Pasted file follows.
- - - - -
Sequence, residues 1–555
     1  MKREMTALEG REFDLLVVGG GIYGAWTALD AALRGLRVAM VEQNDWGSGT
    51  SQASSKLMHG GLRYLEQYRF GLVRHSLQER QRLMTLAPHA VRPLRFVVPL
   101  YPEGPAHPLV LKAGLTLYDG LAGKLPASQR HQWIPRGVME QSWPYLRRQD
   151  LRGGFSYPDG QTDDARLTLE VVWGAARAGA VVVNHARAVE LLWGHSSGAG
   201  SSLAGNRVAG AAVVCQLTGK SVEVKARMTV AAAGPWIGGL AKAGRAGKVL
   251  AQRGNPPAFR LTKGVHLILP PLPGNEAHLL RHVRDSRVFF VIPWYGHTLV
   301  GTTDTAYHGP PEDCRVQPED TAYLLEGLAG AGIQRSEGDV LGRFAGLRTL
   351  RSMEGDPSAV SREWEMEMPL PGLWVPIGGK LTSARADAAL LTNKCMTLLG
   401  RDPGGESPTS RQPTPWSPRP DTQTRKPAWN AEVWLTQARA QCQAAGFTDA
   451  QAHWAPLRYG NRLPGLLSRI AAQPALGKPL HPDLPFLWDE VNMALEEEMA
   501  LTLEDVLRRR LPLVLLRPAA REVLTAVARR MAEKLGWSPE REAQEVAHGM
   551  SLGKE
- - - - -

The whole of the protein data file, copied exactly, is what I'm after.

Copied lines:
Sequence, residues 1–555
     1  MKREMTALEG REFDLLVVGG GIYGAWTALD AALRGLRVAM VEQNDWGSGT
    51  SQASSKLMHG GLRYLEQYRF GLVRHSLQER QRLMTLAPHA VRPLRFVVPL
   101  YPEGPAHPLV LKAGLTLYDG LAGKLPASQR HQWIPRGVME QSWPYLRRQD
   151  LRGGFSYPDG QTDDARLTLE VVWGAARAGA VVVNHARAVE LLWGHSSGAG
   201  SSLAGNRVAG AAVVCQLTGK SVEVKARMTV AAAGPWIGGL AKAGRAGKVL
   251  AQRGNPPAFR LTKGVHLILP PLPGNEAHLL RHVRDSRVFF VIPWYGHTLV
   301  GTTDTAYHGP PEDCRVQPED TAYLLEGLAG AGIQRSEGDV LGRFAGLRTL
   351  RSMEGDPSAV SREWEMEMPL PGLWVPIGGK LTSARADAAL LTNKCMTLLG
   401  RDPGGESPTS RQPTPWSPRP DTQTRKPAWN AEVWLTQARA QCQAAGFTDA
   451  QAHWAPLRYG NRLPGLLSRI AAQPALGKPL HPDLPFLWDE VNMALEEEMA
   501  LTLEDVLRRR LPLVLLRPAA REVLTAVARR MAEKLGWSPE REAQEVAHGM
   551  SLGKE